Christmas Tree

A Christmas tree stands in St. Stephen Square, Budapest (Bestravel/video, Shutterstock)

We are a novelty in our neighborhood and perhaps among our friends and acquaintances as well. Long after Christmas, New Year’s Day and Epiphany, our Christmas decorations — both inside and outside — remain up and lighted. We leave them up until the Presentation of the Lord, celebrated Feb. 2 each year. What’s more, we continue to celebrate Christmas and all its related feasts until then.

When we look back on Church history, celebrating Christmas this way isn’t novel at all. Before the Second Vatican Council, the Christmas season lasted for 40 days, echoing the 40 days of Lent. It was customary at the time to extend Christmas until Feb. 2, carefully observing the feasts in between: St. Stephan (Dec. 26), Holy Innocents (Dec. 28), the Holy Family (the Sunday after Christmas), the Solemnity of Mary, Mother of God (Jan. 1), the Epiphany of the Lord (Jan. 6 or the nearest Sunday), the Baptism of the Lord (Sunday after Epiphany), and, finally, the Presentation of the Lord or Candlemas (Feb. 2). That is seven feast days to celebrate over the course of six weeks!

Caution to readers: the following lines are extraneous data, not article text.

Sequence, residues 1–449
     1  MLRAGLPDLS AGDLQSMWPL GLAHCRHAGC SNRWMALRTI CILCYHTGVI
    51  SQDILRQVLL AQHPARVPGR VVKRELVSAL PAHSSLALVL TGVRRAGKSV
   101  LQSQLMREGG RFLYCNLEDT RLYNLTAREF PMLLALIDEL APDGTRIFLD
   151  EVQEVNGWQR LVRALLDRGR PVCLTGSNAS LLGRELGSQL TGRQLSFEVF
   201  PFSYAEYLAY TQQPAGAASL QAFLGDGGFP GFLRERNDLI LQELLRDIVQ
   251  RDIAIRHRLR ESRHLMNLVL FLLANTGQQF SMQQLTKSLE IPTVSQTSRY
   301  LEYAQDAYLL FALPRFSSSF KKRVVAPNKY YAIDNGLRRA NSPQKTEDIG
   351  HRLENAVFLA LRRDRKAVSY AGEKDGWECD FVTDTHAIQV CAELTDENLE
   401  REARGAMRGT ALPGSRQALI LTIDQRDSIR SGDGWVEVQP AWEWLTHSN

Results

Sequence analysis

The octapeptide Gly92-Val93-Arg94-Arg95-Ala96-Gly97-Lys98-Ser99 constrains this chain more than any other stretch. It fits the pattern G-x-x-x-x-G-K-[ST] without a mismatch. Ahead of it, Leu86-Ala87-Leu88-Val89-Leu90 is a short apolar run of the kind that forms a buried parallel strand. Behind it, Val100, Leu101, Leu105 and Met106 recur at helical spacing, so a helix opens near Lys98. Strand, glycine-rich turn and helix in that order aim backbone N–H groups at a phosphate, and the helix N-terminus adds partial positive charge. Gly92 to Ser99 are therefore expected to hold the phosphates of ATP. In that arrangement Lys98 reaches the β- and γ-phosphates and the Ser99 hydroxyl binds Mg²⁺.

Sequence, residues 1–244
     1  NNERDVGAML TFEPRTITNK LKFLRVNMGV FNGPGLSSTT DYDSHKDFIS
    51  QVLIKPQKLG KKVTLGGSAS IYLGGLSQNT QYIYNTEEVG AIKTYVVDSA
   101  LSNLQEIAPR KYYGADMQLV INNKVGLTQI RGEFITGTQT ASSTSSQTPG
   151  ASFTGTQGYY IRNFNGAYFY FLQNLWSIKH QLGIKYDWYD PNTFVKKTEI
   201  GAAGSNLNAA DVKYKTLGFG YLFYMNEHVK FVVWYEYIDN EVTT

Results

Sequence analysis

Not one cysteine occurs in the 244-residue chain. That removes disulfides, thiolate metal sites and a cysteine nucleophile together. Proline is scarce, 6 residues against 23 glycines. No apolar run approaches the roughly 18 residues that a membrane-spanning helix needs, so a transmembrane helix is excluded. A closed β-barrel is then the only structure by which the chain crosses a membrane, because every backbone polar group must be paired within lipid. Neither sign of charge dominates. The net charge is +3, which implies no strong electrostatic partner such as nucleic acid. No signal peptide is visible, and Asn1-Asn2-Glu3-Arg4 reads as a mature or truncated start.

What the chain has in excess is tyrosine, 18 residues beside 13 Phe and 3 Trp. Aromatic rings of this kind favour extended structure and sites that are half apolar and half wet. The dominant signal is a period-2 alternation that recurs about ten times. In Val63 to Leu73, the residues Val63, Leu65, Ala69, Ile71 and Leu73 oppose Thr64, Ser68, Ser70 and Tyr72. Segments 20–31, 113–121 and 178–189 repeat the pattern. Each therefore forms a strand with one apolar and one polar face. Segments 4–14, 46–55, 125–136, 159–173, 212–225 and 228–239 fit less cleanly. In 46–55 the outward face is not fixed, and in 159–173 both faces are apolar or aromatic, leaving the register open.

Read more in my latest blog post for National Catholic Register.


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